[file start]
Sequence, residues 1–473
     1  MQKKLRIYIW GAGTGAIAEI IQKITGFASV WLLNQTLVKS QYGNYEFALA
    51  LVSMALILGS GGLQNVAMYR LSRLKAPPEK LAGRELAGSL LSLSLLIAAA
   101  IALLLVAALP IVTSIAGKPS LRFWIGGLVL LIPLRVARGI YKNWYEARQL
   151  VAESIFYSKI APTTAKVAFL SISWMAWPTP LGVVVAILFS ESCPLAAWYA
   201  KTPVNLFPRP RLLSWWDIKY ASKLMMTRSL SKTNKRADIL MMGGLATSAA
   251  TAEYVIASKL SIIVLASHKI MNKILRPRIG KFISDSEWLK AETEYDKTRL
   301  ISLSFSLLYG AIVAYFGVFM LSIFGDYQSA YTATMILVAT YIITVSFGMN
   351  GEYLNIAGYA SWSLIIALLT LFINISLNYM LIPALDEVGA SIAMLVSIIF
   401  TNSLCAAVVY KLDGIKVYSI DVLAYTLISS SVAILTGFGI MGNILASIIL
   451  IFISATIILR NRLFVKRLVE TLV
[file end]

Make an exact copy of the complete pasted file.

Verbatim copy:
Sequence, residues 1–473
     1  MQKKLRIYIW GAGTGAIAEI IQKITGFASV WLLNQTLVKS QYGNYEFALA
    51  LVSMALILGS GGLQNVAMYR LSRLKAPPEK LAGRELAGSL LSLSLLIAAA
   101  IALLLVAALP IVTSIAGKPS LRFWIGGLVL LIPLRVARGI YKNWYEARQL
   151  VAESIFYSKI APTTAKVAFL SISWMAWPTP LGVVVAILFS ESCPLAAWYA
   201  KTPVNLFPRP RLLSWWDIKY ASKLMMTRSL SKTNKRADIL MMGGLATSAA
   251  TAEYVIASKL SIIVLASHKI MNKILRPRIG KFISDSEWLK AETEYDKTRL
   301  ISLSFSLLYG AIVAYFGVFM LSIFGDYQSA YTATMILVAT YIITVSFGMN
   351  GEYLNIAGYA SWSLIIALLT LFINISLNYM LIPALDEVGA SIAMLVSIIF
   401  TNSLCAAVVY KLDGIKVYSI DVLAYTLISS SVAILTGFGI MGNILASIIL
   451  IFISATIILR NRLFVKRLVE TLV